TOGY talks to
Range Resources increase asset rangeSeptember 29, 2017
Karlene Ali, Range Resources Trinidad deputy general manager, talks to TOGY about the future outlook for 2017 and 2018, as well as the recent developments onshore and offshore including the acquisition of the West Coast assets. Range Resources Trinidad is the local E&P subsidiary of the Australia and London-listed E&P company, Range Resources.
Range Resources has the largest private onshore acreage in Trinidad and Tobago, having entered the country with the 100% acquisition of the Morne Diablo, South Quarry and Beach Marcelle onshore licences. Ali also discusses the importance of advanced technologies and EOR as well as the local services industry in terms of unlocking the full potential of the newly acquired assets for the island nation. The company is eager to be a positive for in implementing IOR techniques in Trinidad and Tobago that will both increase production and maintain the markets relevance in modern oil recovery methodologies.
• ON EOR APPLICATION: “Our onshore oilfields in Trinidad and Tobago are located in mature basins, with some of the fields having produced for over 100 years. Therefore, the application of secondary recovery techniques is key for increasing production from these fields. In fact, the majority of our reserves are also in waterflood projects. We are currently undertaking waterflood programmes on two areas of our field, with approximately 25% of current production attributed to these projects.”
• ON TT’S SPT: “This has been a topic of discussion for some time now and Range believes that a small number of measures could be undertaken to change the fiscal regime that would significantly increase the activity among operators on small and marginal fields. These changes would include the calculation of the SPT [supplemental petroleum tax] in a more linear and gradual approach.”
Ali also discussed the availability local content and how demand for domestic labour is likely to increase as development increases. Most TOGY interviews are published exclusively on our business intelligence platform TOGYiN, but you can find the full interview with Karlene Ali below.
What are the supporting details to Range Resources’ Trinidad development programme laid out for the end of 2017 and 2018?
Our plan for 2017 is to continue with the full implementation of the two waterflood projects, drill three development wells and continue with workover operations. In 2018 /2019 onwards, we plan to expand the waterflood programme to new areas of the fields with the main objective of increasing production.
What is your assessment of the company’s QUN 161 development well that was recently spudded?
The well is located on our Morne Diablo field where we already have almost 90 wells in production. It is a low-risk, low-cost development well targeting the Lower Forest and Upper Cruse horizons with total depth of 2,300 feet [701 metres]. Oil shows were encountered during drilling operations, and once we have completed log interpretations, we will be looking to bring the well into production.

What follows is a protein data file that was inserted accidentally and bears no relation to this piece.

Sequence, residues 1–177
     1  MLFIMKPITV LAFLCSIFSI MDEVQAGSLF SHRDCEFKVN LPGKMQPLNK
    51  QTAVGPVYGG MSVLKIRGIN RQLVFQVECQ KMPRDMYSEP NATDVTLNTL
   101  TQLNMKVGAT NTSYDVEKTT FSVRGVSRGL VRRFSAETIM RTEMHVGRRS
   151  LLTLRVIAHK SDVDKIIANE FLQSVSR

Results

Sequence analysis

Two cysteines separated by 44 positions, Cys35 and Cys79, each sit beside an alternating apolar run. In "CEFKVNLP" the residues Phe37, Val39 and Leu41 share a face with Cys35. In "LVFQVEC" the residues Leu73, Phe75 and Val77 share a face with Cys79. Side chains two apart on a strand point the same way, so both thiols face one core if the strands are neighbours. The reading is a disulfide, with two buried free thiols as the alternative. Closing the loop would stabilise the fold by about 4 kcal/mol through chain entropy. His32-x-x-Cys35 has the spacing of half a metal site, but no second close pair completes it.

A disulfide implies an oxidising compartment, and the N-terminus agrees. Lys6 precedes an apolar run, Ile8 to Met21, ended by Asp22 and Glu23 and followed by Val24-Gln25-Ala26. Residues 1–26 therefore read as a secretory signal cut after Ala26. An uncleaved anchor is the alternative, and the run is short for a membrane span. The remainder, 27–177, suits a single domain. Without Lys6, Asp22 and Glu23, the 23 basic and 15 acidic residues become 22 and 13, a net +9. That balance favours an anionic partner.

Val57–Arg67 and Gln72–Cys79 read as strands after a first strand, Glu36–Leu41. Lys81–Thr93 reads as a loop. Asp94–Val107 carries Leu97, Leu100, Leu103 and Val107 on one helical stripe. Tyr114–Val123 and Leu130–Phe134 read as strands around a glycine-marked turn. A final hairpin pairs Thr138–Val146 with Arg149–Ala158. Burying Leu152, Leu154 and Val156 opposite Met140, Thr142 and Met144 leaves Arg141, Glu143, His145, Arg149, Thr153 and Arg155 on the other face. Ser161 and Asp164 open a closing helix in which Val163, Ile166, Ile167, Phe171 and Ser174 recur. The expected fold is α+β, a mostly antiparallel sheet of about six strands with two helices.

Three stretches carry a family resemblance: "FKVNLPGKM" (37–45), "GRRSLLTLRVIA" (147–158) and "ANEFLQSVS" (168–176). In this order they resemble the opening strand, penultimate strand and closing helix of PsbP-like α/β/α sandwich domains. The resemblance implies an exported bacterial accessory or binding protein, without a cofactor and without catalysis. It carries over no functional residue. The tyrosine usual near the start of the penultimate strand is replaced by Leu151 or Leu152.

What is the impetus behind Range Resources’ decision to purchase two producing licenses offshore, Brighton Marine and Point Ligoure-Guapo Bay-Brighton Marine?
The acquisition of the West Coast assets in Trinidad is in line with our stated acquisition-led growth strategy and was seen as a great opportunity to add to our existing producing assets in Trinidad. The additions will substantially lift our current production level by more than 30%; we see significant potential within these assets to grow production further.
This acquisition, once again, demonstrates our continued commitment to Trinidad. It not only provides additional production, cash flows, reserves, drill targets and EOR potential, it is also expected to result in further improvements to the cost structure across our business in Trinidad and Tobago. The West Coast assets are profitable at current levels, and we believe that the acquisition price of USD 1.75 per 2P barrel represents a very attractive deal.
How important will advanced technologies and EOR be in generating additional production on these blocks?
Our onshore oilfields in Trinidad and Tobago are located in mature basins; some of the fields have produced for more than 100 years. Therefore, the application of secondary recovery techniques is key for increasing production at these fields. In fact, the majority of our reserves are also in waterflood projects. We are currently undertaking waterflood programmes on two areas of our field, with around 25% of current production attributed to these projects. We expect significant production growth increase once the full implementation has been completed.
In addition to these developments, we are carrying out injectivity testing on other areas of our fields in order to evaluate the waterflooding potential. Testing results have been encouraging with plans underway to implement waterflooding activities on the areas that have shown the most potential.